Worked with the Institute for Energy and Environmental Research to publish the eUtah report, which esplains how our state can tranision to 100% renewable energy by 2050
Pushed for a community energy choice program in Utah, similar to one in Sonoma County, California, that would allow residents to pool their demand and bulk-purchase renewable energy directly from developers.
Expanded our work to include clean air and began researching specific issues, developing legislation, and collaborating with other clean air advocates.
Organized the successful Clean Air Now rally.
Brought attention to tier 3 fuel and cars by encouraging Utahns to file several thousand comments to the Environmental Protection Agency in support of tier 3
Successfully lobbied Governor Herbert to show his support for tier 3
Organized another clean air rally which helped push the issue in front of the legislature, who then considered a record 22 air quality bills, 9 which passed
Stopped Rocky Mountain Power’s bid to institute a monthly fee on rooftop solar owners.
Passed the “not stricter than” bill in the legislature, which freed up the hands of air quality regulators
Developed and released Brown Sky report, a report highlighting Rocky Mountain Power’s energy mix and lobbying practices
Helped pass a hot water heater bill in the legislature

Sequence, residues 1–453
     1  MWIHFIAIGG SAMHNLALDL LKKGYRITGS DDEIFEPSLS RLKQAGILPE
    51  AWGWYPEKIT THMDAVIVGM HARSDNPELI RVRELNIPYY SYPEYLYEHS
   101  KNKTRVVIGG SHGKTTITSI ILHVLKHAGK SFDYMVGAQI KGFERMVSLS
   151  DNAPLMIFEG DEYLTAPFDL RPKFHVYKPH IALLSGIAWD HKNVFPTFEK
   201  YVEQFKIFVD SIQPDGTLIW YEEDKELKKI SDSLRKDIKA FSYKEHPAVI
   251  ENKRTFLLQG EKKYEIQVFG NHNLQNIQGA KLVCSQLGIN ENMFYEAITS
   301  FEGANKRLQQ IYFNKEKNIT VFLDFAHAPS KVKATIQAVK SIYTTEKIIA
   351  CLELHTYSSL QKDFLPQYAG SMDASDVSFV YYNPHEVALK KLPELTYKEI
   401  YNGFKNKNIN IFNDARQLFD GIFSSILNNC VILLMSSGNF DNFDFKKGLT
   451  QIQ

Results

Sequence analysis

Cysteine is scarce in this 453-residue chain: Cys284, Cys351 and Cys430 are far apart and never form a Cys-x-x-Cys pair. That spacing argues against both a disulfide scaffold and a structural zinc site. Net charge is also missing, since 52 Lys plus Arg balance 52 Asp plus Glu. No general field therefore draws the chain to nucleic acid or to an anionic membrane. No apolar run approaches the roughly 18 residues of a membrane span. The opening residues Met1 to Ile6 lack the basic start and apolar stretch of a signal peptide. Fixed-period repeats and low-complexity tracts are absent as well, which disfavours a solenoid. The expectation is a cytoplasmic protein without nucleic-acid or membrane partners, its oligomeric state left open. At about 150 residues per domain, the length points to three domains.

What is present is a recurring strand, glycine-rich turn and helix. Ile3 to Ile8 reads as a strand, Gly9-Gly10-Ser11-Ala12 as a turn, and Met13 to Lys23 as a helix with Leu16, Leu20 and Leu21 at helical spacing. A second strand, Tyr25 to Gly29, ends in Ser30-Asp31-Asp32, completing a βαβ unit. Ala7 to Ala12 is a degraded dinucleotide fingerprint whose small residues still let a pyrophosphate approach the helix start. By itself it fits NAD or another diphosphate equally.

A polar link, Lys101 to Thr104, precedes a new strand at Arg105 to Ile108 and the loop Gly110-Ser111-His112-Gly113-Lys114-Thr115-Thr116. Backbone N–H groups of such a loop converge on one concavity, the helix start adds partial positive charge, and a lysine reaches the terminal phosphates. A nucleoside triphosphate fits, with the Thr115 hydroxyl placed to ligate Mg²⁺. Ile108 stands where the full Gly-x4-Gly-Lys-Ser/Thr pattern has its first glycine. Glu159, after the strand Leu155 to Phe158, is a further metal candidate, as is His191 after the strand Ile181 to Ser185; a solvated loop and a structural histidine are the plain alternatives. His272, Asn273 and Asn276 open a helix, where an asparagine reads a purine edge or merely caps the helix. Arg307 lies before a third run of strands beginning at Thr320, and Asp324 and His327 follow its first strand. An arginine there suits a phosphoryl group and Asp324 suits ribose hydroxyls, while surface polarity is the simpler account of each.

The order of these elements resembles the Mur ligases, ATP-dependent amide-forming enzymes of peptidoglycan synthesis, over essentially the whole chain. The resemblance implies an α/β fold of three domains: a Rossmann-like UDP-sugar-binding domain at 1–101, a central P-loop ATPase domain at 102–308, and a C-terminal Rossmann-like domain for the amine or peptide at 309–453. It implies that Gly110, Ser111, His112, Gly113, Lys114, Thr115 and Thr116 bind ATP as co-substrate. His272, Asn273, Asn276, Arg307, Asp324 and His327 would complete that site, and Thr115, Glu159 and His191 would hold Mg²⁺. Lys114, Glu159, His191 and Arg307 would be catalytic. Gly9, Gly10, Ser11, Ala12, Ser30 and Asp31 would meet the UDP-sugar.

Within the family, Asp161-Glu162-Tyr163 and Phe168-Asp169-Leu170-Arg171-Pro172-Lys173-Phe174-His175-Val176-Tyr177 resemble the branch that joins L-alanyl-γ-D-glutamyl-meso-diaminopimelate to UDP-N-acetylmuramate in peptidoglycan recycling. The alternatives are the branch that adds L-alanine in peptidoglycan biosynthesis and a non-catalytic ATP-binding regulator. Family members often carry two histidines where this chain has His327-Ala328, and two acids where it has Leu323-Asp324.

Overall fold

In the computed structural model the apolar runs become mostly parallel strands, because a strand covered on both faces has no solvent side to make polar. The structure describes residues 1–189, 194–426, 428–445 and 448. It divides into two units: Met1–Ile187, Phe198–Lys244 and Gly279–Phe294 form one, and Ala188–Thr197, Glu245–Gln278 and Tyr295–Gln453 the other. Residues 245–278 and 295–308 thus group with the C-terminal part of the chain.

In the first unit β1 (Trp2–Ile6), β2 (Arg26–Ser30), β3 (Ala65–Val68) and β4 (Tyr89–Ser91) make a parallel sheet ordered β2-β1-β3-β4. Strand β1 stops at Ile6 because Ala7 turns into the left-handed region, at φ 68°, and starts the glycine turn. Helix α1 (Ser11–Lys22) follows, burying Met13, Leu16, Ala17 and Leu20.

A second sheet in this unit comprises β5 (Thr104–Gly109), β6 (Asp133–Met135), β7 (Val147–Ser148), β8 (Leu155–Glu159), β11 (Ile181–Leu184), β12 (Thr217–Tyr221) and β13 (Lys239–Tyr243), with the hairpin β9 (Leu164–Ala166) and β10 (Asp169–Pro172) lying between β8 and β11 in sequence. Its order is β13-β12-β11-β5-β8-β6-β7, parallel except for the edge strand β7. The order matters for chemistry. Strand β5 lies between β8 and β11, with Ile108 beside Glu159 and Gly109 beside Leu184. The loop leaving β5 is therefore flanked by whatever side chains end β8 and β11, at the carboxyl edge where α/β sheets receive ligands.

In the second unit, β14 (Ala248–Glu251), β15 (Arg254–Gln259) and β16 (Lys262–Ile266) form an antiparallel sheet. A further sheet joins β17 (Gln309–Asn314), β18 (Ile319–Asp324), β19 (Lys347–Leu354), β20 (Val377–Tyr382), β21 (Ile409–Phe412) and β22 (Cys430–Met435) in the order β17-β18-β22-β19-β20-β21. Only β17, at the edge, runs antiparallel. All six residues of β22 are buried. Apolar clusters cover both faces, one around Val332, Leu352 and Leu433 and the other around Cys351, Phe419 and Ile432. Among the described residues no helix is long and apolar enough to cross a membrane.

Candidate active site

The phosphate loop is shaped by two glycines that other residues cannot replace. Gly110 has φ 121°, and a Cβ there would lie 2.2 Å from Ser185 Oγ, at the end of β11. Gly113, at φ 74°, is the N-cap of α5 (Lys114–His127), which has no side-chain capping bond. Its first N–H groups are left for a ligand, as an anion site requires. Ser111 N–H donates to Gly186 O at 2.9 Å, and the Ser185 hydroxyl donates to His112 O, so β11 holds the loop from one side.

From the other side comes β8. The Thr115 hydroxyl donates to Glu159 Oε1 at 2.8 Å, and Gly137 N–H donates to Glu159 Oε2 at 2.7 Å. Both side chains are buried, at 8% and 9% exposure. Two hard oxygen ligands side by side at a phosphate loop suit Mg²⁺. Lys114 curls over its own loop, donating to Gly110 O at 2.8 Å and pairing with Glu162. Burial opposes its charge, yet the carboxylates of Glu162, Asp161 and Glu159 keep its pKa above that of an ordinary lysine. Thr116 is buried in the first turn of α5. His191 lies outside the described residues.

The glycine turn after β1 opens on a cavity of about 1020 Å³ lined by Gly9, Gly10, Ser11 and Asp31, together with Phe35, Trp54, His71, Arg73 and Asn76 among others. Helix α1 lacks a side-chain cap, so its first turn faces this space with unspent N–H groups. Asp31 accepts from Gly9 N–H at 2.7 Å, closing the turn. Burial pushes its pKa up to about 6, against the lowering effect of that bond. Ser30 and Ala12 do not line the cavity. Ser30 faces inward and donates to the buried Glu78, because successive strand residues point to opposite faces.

Worked on the regional haze rule which implemented stricter controls on Rocky Mountain Power’s coal plants.
Negotiated with Rocky Mountain Power, the solar industry, the Public Service Commission, and the governor’s office to improve the utility’s proposed electric rate increases for rooftop solar users.
These negotiations included the completion of a new rooftop solar study by Rocky Mountain Power, which is expected in the spring of 2019
Championed Utah’s first Climate resolution (HCR007), which recognized a changing climate and pledged to combat it.
Submitted technical comments and led the grassroots charge to have the Division of Waste Management and Radiation Control Board deny an EnergySolutions exemption request from a state law governing depleted uranium shipments.
Bill drafted to improve the economics of retiring coal plants early (Securitization) which is now ready to be introduced when politically favorable.
HEAL’s Inland Port White Paper published
Passage of a bill establishing an emission testing pilot program for diesel vehicles in Utah County (the only Wasatch Front county that wasn’t doing this testing).
A technical study commissioned and published about the poor economics of small modular nuclear reactors
Submitted 8 pages of comments on the weaknesses of the sustainability sections of the Inland Port Business Plan
HEAL’s grassroots efforts were instrumental in reducing the support for the proposed UAMPS nuclear power project by 50%.
Stopped land preservation being funded with a tax on radioactive waste (HB233)
Published an interactive GIS map about uranium activities in Southern Utah
Virtually gathered around 100 citizens to give public comment to the Public Service Commission who subsequently ruled against drastically cutting Utah’s rooftop solar export credit rate
Stopped a bill that would have increased registration fees on electric vehicles (HB209)
Successfully removed language from a bill that would have merged the Utah Departments of Environmental Quality and Natural Resources.
Helped achieve the passage of a state resolution supporting the extension and expansion of the federal program to compensate Downwinders.
Passage of a bill making the diesel vehicles emissions testing program a permanent program, rather than just a pilot